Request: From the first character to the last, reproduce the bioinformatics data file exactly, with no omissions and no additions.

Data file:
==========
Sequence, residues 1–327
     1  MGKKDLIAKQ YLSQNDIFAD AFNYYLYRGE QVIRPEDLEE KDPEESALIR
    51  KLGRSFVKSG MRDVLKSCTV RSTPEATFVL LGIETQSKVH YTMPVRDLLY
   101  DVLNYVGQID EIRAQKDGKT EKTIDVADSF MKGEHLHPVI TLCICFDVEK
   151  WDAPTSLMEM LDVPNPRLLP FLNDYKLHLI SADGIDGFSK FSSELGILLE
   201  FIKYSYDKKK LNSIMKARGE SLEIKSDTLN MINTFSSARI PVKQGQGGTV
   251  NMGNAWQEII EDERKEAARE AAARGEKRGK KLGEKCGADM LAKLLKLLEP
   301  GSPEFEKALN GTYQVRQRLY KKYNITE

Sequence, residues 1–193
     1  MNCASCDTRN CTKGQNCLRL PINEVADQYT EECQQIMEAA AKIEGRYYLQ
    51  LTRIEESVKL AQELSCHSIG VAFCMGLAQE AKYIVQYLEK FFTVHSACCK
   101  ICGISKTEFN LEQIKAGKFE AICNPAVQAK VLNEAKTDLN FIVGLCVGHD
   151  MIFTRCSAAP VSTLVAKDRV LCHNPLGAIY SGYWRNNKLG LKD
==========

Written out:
Sequence, residues 1–327
     1  MGKKDLIAKQ YLSQNDIFAD AFNYYLYRGE QVIRPEDLEE KDPEESALIR
    51  KLGRSFVKSG MRDVLKSCTV RSTPEATFVL LGIETQSKVH YTMPVRDLLY
   101  DVLNYVGQID EIRAQKDGKT EKTIDVADSF MKGEHLHPVI TLCICFDVEK
   151  WDAPTSLMEM LDVPNPRLLP FLNDYKLHLI SADGIDGFSK FSSELGILLE
   201  FIKYSYDKKK LNSIMKARGE SLEIKSDTLN MINTFSSARI PVKQGQGGTV
   251  NMGNAWQEII EDERKEAARE AAARGEKRGK KLGEKCGADM LAKLLKLLEP
   301  GSPEFEKALN GTYQVRQRLY KKYNITE

Sequence, residues 1–193
     1  MNCASCDTRN CTKGQNCLRL PINEVADQYT EECQQIMEAA AKIEGRYYLQ
    51  LTRIEESVKL AQELSCHSIG VAFCMGLAQE AKYIVQYLEK FFTVHSACCK
   101  ICGISKTEFN LEQIKAGKFE AICNPAVQAK VLNEAKTDLN FIVGLCVGHD
   151  MIFTRCSAAP VSTLVAKDRV LCHNPLGAIY SGYWRNNKLG LKD